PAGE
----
Craig Banks is passionate about his research. In his short academic career he has already co-founded a spin-out firm to make cannabis detectors, as Yfke Hager finds out


Speaking to Craig Banks, it quickly becomes clear why this young chemist has achieved so much in such a short period of time. As newly minted chemistry researchers are increasingly being snapped up by industry, some would argue that it takes sheer dedication and a love of research to carve out a career in academia these days. Banks possesses the determination that characterises successful academics. 

With only months to go before policemen start roaming the streets wielding a handheld cannabis sensor that he helped develop, it comes as no surprise that Banks was initially attracted to chemistry ’because of its application to real life.’ As an undergraduate at Coventry University, UK, Banks was inspired to pursue a career in research after watching his professors in action in the lab. He enjoyed his final year project so much that he decided to do a PhD in electrochemistry. Around this time Richard Compton, professor of chemistry at the University of Oxford, UK, and an expert in electrochemistry and electroanalysis, was interested in using ultrasound to sense molecules. Compton was starting to look into the fundamental aspects of sono-electrochemistry and took Banks on as a PhD student. It was the start of a fruitful collaboration.  

In the past five years working in Compton’s group, Banks has published prolifically, developed enough original applied research to produce six patents, and co-founded a spin-out company with Compton. Banks appears to have taken academia’s ’publish or perish’ adage to heart; he already has 110 research papers to his name. Banks has also found time to write a book on voltammetry with Compton, which offers insights into the design and analysis of experiments in this field. 

Practical focus  

Banks has wide-ranging research interests, spanning the fundamental study of carbon nanotubes (particularly their electrochemical properties), sono-electrochemistry and nanotechnology. But the key to his success, perhaps, is his focus on practical applications in these fields. During his postdoctoral years he developed a particular interest in novel drug detection strategies. ’I moved into nanotechnology during my PhD, and then I gradually moved on to drug detection using electrochemical sensing,’ Banks says. By branching out into nanotechnology, he was able to make significant advances in the functionalisation and miniaturisation of drug sensors.  

Commercial chemistry  

Banks’ research efforts on cannabis detection were rewarded recently when he and Compton co-founded the spin-out company OxTox. The company will produce hand-held cannabis sensors to be used by police officers at the roadside to detect people driving under the influence of drugs, much like the breathalyser test for alcohol. Banks and Compton designed and built an electrochemical sensor that tests saliva samples and only produces a signal when the specific target drug is present. ’It’s very sensitive, portable and cheap,’ Banks says. The University of Oxford has its own technology transfer company, Isis Innovation, which has worked with Compton to protect the intellectual property created in his research group. ’We decided to patent protect [the sensor] and Isis saw a gap in the market. They got the ball rolling and we met up with investors, who invested half a million pounds,’ Banks says. ’It was very exciting, and a completely different experience from lab work.’ He anticipates that the sensors will be out on the streets within the next six to 12 months.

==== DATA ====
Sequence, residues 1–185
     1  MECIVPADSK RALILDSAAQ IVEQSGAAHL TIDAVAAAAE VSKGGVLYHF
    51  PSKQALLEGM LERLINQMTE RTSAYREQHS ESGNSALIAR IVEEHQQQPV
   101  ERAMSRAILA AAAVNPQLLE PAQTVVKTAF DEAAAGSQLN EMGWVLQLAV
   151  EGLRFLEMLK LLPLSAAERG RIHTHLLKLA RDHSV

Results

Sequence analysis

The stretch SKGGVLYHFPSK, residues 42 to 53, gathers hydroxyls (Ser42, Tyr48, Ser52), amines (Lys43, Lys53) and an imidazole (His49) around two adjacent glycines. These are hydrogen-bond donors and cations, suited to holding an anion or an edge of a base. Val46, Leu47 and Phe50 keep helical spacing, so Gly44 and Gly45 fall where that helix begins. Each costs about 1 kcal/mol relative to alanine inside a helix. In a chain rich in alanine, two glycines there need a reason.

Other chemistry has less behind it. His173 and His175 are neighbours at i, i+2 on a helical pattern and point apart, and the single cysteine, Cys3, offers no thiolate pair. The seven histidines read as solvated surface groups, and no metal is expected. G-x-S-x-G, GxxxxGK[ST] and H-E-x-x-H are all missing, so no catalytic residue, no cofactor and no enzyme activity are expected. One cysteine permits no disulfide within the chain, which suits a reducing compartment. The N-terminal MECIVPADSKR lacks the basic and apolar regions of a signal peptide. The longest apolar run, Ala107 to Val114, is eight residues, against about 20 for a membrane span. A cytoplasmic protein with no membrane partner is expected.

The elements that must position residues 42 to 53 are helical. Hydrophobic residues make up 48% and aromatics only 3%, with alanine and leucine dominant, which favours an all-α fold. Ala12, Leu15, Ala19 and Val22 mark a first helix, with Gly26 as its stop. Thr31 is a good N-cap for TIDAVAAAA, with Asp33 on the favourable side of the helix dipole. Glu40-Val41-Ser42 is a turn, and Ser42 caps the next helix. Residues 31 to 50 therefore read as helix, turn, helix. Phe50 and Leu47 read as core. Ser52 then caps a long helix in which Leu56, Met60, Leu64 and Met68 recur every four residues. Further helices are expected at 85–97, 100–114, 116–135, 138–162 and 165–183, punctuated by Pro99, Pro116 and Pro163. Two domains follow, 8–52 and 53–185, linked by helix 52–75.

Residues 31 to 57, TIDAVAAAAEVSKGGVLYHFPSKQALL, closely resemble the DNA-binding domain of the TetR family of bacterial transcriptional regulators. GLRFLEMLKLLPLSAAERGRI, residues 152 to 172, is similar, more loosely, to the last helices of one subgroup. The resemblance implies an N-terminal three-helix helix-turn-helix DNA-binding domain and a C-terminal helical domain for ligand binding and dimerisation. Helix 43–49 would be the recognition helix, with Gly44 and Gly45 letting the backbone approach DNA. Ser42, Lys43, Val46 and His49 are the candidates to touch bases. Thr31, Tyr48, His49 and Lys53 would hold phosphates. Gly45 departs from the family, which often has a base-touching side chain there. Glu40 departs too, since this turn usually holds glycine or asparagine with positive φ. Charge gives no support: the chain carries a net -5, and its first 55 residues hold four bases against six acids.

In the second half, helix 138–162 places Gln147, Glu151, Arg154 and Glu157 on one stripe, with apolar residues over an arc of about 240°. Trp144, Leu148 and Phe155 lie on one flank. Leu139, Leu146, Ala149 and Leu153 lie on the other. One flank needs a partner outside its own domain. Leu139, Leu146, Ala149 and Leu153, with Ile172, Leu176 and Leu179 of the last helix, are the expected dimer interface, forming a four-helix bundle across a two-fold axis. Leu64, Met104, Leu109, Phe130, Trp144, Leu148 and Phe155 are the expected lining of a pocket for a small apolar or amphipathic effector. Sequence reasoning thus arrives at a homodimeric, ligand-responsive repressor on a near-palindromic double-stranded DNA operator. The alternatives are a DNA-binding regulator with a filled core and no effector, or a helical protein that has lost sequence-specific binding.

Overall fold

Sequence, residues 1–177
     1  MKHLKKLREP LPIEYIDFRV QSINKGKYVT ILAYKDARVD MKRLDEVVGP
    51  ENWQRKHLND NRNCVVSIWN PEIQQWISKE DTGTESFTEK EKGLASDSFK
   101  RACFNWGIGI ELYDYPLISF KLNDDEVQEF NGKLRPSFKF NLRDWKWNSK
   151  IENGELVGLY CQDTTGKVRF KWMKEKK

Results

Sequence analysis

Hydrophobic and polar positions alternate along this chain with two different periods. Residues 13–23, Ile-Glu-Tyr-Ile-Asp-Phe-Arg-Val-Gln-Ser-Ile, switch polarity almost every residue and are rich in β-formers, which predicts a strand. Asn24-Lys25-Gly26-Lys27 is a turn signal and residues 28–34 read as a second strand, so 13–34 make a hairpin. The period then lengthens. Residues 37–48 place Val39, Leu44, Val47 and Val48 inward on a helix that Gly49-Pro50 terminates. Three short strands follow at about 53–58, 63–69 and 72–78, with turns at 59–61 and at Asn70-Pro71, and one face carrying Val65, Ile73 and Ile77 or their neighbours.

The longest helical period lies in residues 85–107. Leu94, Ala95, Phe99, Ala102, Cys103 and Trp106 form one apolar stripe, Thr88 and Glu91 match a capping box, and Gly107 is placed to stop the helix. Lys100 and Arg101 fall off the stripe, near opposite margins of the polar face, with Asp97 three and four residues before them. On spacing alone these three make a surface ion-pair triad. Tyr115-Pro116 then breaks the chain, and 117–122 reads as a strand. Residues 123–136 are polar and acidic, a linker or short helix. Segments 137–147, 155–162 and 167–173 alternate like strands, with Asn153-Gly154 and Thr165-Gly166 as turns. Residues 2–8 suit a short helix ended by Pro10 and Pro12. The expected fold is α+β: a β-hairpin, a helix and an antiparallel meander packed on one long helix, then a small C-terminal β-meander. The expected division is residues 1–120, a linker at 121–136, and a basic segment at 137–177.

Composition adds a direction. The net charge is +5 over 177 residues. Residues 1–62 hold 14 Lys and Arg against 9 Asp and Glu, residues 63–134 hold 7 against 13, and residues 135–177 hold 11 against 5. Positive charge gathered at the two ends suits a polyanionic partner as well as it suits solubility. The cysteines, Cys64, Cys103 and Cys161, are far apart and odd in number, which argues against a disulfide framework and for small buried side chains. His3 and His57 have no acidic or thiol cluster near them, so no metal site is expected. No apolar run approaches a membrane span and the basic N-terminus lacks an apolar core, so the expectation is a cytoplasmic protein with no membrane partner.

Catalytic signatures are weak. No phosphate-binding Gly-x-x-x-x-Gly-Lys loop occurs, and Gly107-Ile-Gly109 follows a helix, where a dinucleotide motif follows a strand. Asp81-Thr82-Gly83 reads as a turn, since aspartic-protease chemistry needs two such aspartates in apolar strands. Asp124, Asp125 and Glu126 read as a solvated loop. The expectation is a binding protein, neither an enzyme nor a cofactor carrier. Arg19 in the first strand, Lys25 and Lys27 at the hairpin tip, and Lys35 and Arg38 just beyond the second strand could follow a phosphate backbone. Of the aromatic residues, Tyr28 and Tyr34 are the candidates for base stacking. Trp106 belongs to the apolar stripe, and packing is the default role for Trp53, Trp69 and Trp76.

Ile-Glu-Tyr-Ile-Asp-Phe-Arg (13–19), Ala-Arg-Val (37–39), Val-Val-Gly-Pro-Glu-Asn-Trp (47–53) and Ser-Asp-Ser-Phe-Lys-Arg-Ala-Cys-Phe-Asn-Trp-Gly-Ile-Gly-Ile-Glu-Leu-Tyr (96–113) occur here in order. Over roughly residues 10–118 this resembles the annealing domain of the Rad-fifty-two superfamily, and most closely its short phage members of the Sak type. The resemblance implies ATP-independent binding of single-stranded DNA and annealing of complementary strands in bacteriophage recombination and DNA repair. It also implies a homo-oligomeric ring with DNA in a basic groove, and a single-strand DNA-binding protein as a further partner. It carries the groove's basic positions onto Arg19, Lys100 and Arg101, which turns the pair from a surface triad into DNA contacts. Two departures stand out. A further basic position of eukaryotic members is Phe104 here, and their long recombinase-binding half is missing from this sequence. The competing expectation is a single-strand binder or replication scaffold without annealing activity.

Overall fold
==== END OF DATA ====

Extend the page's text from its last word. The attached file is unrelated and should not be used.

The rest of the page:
After two productive years of postdoctoral research in Compton’s group, Banks was ready to embrace the life of an independent researcher. ’I thought, now’s the time to make the transition,’ he recalls. But before embarking on an academic career, Banks decided to gain some industrial experience at Schlumberger Cambridge Research, where he developed sensors for toxic gases based on electrochemistry. ’This gave me a greater understanding of research and development conducted in an industrial environment, compared with my experience of academic-only research,’ he says.  

Around this time, Banks spotted a lectureship at Nottingham Trent University. He applied and, to his considerable delight, was offered the position. He’s now settling into his new job and relishes the responsibilities that it entails. ’Now my days are filled with teaching students and supervising labs, but then I also have to find the time to do research, which is the bit I really love,’ he says.  




Work experience

  • 2006-present – Lecturer in analytical chemistry, School of Biomedical and Natural Sciences, Nottingham Trent University, UK
  • 2006 – Research and development scientist, Schlumberger Cambridge Research, Cambridge, UK
  • 2004-2006 – Post-doctoral research assistant, Physical and Theoretical Chemistry Laboratory, University of Oxford , UK


  • 2004 PhD physical chemistry, University of Oxford
  • 2001 BSc(Hons) applied chemistry, Coventry University


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